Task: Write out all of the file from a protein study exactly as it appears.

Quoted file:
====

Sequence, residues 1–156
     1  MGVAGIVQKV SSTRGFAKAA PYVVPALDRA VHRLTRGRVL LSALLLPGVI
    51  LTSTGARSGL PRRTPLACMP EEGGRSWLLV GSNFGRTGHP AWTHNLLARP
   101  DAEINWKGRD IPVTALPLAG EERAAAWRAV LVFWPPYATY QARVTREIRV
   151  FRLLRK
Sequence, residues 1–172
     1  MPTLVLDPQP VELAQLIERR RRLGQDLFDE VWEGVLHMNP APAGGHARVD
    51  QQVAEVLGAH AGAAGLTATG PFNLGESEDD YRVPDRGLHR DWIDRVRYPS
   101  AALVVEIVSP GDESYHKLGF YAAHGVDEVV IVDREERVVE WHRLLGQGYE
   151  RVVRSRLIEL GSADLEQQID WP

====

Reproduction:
Sequence, residues 1–156
     1  MGVAGIVQKV SSTRGFAKAA PYVVPALDRA VHRLTRGRVL LSALLLPGVI
    51  LTSTGARSGL PRRTPLACMP EEGGRSWLLV GSNFGRTGHP AWTHNLLARP
   101  DAEINWKGRD IPVTALPLAG EERAAAWRAV LVFWPPYATY QARVTREIRV
   151  FRLLRK
Sequence, residues 1–172
     1  MPTLVLDPQP VELAQLIERR RRLGQDLFDE VWEGVLHMNP APAGGHARVD
    51  QQVAEVLGAH AGAAGLTATG PFNLGESEDD YRVPDRGLHR DWIDRVRYPS
   101  AALVVEIVSP GDESYHKLGF YAAHGVDEVV IVDREERVVE WHRLLGQGYE
   151  RVVRSRLIEL GSADLEQQID WP